The U.S. is using the imposition of sanctions on Iranian military commanders as a means of exerting “psychological pressure and for propaganda purposes.”

Iran, Iraq
Afghanistan, Pakistan
Saudi Arabia
The officer was referring to recent sanctions imposed on Chairman of the Joint Chiefs of Staff of Iran’s Armed Forces Major General Hassan Firouzabadi and Deputy Commander of the Ground Forces of Iran’s Islamic Revolution Guards Corps (IRGC) Brigadier General Abdullah Araqi.

Press TV today is reporting Shamkhani saying, “‘Given that both commander Firouzabadi and Araqi on the list of [individuals targeted by] U.S. sanctions, such a measure (imposing a ban) is questionable.’” Criticizing Western double standards regarding terrorism, he said, “‘Some Western countries, which promote terrorism and sponsor assassination, accuse other countries and their officials of terrorism.’

“As signatory to the nuclear Non-Proliferation Treaty (NPT) and a member of the IAEA,” the news article reports, “Tehran has stood by its right to develop and acquire nuclear technology meant for peaceful purposes.”

Continuing to terrorize Afghanistan and Pakistan
Afghan woman's body


A pregnant Afghan woman died and four other women suffered wounds today when U.S. forces raided a house in Afghanistan’s southeastern Paktia Province.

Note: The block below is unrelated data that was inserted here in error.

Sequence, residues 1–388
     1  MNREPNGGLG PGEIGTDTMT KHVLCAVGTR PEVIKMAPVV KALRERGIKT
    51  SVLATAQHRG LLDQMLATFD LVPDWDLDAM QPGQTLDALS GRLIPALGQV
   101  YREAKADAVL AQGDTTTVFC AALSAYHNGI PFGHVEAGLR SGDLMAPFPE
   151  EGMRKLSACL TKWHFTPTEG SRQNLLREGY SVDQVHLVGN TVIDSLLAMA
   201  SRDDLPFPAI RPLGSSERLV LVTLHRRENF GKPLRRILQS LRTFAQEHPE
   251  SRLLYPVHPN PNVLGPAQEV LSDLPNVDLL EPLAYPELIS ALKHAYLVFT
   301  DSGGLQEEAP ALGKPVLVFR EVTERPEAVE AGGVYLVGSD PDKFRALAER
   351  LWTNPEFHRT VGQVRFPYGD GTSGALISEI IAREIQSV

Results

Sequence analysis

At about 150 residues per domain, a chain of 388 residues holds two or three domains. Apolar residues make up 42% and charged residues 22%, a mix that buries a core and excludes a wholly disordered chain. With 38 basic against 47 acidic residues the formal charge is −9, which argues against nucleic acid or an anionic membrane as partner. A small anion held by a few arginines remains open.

Two sons of the director of the counter-narcotics department of Paktia Province, Hasibullah Ahmadzai, were reportedly detained during the raid.

The United States invaded Afghanistan in 2001 under the pretext of eradicating Taliban militants. Since the invasion countless civilians have died or been injured. The security situation remains fragile in Afghanistan despite (or because of) the presence of nearly 150,000 U.S.-led foreign forces.

bombed minibus Afghanistan
The slaughter of civilians has caused deep anger among Afghans and prompted violent demonstrations throughout the country.

Yesterday in Kabul, a police station came under attack. A bomber blew himself up at a police station in Kotai Sangi area. In a second incident, a group of armed militants broke into police headquarters and detonated an explosive.

On Thursday, at least two Afghan soldiers died and two others were wounded when their vehicle hit a roadside bomb in Afghanistan’s northwestern province of Badghis.

Also on Thursday at least four civilians died and eight others were injured when a roadside bomb exploded in Afghanistan’s western province of Farah. A minibus came upon the explosive device on a road in the Malai area of Pur Chaman district in the province.

On Wednesday a roadside bomb had killed an anti-Taliban district governor and two of his bodyguards in the southern Helmand Province.

Roadside bombs and improvised explosive devices are reportedly the most lethal weapons Taliban militants have used against foreign troops, Afghan forces, and civilians.

Demanding end to assassination drones, breach of sovereignty